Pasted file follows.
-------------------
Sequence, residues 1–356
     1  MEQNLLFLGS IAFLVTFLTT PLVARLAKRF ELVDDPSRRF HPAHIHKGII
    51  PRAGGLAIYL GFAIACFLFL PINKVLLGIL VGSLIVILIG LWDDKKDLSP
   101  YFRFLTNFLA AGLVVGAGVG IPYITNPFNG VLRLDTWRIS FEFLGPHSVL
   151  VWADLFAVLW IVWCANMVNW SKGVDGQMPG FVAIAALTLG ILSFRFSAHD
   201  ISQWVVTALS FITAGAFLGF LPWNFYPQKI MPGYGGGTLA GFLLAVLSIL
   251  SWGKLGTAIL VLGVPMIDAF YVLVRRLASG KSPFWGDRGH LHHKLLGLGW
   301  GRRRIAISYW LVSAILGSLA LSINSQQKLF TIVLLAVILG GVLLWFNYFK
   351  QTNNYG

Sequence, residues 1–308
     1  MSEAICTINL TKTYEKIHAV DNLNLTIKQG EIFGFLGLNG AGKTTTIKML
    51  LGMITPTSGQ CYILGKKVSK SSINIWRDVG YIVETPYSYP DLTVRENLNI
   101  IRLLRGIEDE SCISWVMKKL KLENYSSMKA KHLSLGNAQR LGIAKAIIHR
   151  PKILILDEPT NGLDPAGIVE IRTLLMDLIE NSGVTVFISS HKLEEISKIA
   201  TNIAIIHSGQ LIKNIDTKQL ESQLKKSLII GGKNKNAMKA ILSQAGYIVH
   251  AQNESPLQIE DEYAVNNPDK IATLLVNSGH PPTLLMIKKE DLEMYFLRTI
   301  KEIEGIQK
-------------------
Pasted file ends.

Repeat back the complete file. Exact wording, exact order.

Sequence, residues 1–356
     1  MEQNLLFLGS IAFLVTFLTT PLVARLAKRF ELVDDPSRRF HPAHIHKGII
    51  PRAGGLAIYL GFAIACFLFL PINKVLLGIL VGSLIVILIG LWDDKKDLSP
   101  YFRFLTNFLA AGLVVGAGVG IPYITNPFNG VLRLDTWRIS FEFLGPHSVL
   151  VWADLFAVLW IVWCANMVNW SKGVDGQMPG FVAIAALTLG ILSFRFSAHD
   201  ISQWVVTALS FITAGAFLGF LPWNFYPQKI MPGYGGGTLA GFLLAVLSIL
   251  SWGKLGTAIL VLGVPMIDAF YVLVRRLASG KSPFWGDRGH LHHKLLGLGW
   301  GRRRIAISYW LVSAILGSLA LSINSQQKLF TIVLLAVILG GVLLWFNYFK
   351  QTNNYG

Sequence, residues 1–308
     1  MSEAICTINL TKTYEKIHAV DNLNLTIKQG EIFGFLGLNG AGKTTTIKML
    51  LGMITPTSGQ CYILGKKVSK SSINIWRDVG YIVETPYSYP DLTVRENLNI
   101  IRLLRGIEDE SCISWVMKKL KLENYSSMKA KHLSLGNAQR LGIAKAIIHR
   151  PKILILDEPT NGLDPAGIVE IRTLLMDLIE NSGVTVFISS HKLEEISKIA
   201  TNIAIIHSGQ LIKNIDTKQL ESQLKKSLII GGKNKNAMKA ILSQAGYIVH
   251  AQNESPLQIE DEYAVNNPDK IATLLVNSGH PPTLLMIKKE DLEMYFLRTI
   301  KEIEGIQK